College Board SAT equating process lowers student scores

September 10, 2018 — by Jeffrey Xu

Reporter analyzes the results of the June SAT and its implications for the CollegeBoard.

After the June SAT scores were released in July, thousands of angry students and their parents took to social media and sent emails to The College Board, complaining that students generally scored comparatively lower on this test than on past  SATs, despite getting more questions right in June. In response to the backlash, The College Board released the following statement: 
“We understand your questions about your June SAT scores. We want to assure you that your scores are accurate. While we plan for consistency across administrations, on occasion there are some tests that can be easier or more difficult than usual. That is why we use a statistical process called 'equating.'”
Essentially, equating means ensuring that a score received on a given test date is the performance-equivalent of a score from another date. Put simply, it is the SAT equivalent of curving.
Equating supposedly accounts for differences in difficulty between different versions of the SAT, so a more difficult test would allow a student to miss more questions and still achieve the same score compared to missing fewer questions on an easier test.
However, equating does not always work as intended. While its purpose is to make the test more fair across all dates, there can be drastic results if the test is too easy, which is what happened last June.
In the case of the June test, too many people earned high raw scores. To standardize the scaled score distribution, The College Board deducted a high number of points even for missing one or two questions. According to The College Panda, students would lose zero to 10 points for missing just one question on math in all previous administrations of the test. However, test-takers in June lost 30 points for missing just one question in the math section. For some students, they received drastically lower scores in June than in their previous attempts at the SAT, despite answering many more questions correctly. 
Following the June SAT fiasco, the Princeton Review published a lengthy article titled “Why You Don’t Want An Easy SAT.”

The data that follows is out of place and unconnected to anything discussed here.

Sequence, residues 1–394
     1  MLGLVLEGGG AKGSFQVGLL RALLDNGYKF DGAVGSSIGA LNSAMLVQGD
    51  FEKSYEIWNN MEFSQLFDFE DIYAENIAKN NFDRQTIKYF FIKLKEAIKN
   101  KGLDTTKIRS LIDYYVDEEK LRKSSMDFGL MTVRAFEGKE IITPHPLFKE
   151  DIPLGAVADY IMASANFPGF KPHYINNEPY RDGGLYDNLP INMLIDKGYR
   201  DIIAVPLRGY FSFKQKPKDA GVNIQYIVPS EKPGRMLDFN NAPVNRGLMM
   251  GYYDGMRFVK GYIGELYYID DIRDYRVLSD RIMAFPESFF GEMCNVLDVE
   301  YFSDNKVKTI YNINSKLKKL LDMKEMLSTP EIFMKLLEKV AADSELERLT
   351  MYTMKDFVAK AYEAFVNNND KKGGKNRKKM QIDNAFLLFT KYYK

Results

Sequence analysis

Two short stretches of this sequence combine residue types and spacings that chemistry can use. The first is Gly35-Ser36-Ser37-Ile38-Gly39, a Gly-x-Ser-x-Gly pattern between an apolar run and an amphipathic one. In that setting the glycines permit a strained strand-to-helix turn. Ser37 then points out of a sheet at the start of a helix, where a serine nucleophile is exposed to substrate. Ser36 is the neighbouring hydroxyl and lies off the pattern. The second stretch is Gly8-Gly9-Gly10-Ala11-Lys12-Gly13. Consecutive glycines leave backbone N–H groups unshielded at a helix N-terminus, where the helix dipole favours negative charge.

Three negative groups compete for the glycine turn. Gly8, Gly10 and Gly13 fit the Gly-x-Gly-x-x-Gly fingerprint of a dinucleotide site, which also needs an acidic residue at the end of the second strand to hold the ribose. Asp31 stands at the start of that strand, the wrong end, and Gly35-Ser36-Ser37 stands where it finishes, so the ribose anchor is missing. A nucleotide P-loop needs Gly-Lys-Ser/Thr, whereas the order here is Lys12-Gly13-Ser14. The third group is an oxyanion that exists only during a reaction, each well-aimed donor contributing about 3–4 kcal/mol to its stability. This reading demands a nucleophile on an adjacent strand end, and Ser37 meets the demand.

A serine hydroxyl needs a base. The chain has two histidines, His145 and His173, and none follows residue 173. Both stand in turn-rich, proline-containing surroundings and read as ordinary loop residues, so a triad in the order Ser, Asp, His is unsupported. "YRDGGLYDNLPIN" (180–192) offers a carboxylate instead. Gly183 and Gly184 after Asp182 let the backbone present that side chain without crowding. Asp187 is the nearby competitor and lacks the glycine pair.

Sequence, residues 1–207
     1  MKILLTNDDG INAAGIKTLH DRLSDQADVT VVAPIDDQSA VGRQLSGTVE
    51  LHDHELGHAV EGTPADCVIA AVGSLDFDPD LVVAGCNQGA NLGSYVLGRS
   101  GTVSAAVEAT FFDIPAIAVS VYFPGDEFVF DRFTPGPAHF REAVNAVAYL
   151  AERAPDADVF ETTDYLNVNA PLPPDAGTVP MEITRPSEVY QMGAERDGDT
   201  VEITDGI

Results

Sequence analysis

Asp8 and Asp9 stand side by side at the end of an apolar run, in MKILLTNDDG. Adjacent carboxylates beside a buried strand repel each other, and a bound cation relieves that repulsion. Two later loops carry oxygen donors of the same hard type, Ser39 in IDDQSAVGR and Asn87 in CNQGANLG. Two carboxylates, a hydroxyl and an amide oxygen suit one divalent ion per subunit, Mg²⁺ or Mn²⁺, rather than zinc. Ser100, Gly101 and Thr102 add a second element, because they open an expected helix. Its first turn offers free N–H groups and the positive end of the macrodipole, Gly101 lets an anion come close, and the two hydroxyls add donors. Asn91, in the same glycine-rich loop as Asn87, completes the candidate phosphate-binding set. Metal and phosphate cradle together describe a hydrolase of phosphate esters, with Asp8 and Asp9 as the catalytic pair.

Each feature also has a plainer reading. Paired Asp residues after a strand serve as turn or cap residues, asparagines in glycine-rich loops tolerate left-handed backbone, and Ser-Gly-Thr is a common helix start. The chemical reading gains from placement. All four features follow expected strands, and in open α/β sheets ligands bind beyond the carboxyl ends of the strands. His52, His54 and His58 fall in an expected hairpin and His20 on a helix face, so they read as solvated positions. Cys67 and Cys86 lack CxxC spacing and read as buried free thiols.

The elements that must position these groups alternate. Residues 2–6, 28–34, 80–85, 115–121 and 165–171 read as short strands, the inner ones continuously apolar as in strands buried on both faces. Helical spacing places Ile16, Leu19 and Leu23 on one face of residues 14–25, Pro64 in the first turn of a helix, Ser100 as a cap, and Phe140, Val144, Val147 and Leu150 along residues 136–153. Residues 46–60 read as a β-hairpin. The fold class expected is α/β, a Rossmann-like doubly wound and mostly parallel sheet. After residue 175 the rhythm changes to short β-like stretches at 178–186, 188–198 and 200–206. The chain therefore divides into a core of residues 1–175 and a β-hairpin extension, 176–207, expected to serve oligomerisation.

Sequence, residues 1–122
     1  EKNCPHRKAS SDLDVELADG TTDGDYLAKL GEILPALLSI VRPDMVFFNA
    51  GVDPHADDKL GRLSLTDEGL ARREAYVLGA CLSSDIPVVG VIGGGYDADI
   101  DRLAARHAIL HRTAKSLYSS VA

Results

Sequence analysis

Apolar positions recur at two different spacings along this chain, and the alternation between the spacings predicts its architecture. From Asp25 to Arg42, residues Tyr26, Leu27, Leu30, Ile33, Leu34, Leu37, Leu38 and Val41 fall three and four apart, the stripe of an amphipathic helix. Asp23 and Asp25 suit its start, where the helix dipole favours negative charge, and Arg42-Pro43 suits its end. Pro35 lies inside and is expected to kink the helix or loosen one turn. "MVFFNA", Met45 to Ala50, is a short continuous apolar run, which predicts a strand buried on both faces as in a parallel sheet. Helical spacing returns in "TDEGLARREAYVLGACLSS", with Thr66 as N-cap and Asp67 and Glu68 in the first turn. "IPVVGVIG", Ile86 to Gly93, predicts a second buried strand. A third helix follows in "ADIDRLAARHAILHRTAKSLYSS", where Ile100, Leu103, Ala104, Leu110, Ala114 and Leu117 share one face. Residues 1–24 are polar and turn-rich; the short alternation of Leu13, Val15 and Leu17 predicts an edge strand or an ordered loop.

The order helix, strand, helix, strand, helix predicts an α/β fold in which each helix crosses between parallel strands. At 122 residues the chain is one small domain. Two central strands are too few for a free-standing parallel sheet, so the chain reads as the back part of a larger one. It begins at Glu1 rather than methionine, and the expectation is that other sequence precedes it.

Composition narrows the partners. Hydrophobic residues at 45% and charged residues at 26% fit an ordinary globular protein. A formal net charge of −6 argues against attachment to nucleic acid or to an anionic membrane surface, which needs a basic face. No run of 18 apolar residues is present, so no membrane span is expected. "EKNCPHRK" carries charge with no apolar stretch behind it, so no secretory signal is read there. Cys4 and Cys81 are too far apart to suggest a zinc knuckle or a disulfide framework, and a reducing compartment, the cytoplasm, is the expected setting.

In the article, they wrote, “It is a problem, too, for high-scoring students who make the occasional careless error or who misbubble on questions that they are quite capable of answering. With a typical curve, there’s some cushion to mitigate the impact of such errors. There was no cushion on the June 2018 SAT."
While the scaled scores of students who typically perform below the third quartile wouldn’t be significantly impacted, this problem certainly distorts the results for students who score within the top 10 percent. Unfortunately, many of the students at Saratoga High, and in the Bay Area in general, fall in this top 10 percent category. 
In fact, according to PrepScholar, the average old SAT score for Saratoga High Students was a 1920, equivalent to a 1360 on the new SAT, which is within the top 10.8 percent of all test-takers.
Rather than being an effective way to standardize SATs across all testing sessions, the equating process seems more like a concession that the test is inherently flawed. For most of the high-performing students at the school, the equating process simply means that easier tests are harder and vice versa. 
But it is also true that a harder test can be more nerve-racking to students and cause them to fumble on more problems than they normally would.
Either way, equating, which comes as a result of the inherent difference in difficulty among different test sessions, works against students.
A way around the inevitably flawed SAT is to simply take the ACT. While the ACT still has a score equating process, ACT scaled scores are based on a larger range of raw scores. For example, a 36 on the ACT corresponds to any score between a 1570 to a 1600 on the SAT. This means that even if the test skews slightly easy or hard, the large score ranges will likely keep a student in the same score range, despite the effects of equating.
According to an Associated Press report, the number of students taking the SAT and ACT were both around 1.65 million in 2012, with the ACT surpassing the SAT by less than 2,000 test-takers. Within the last six years, however, this edge has continued to grow. 
According to Education Week and The College Board, in 2017, 2.03 million students took the ACT in 2017, while only 1.7 million took the SAT.
Unless they take immediate measures to directly address the equating problems with the SAT, The College Board might see this gap widen with even more students switching over to the ACT.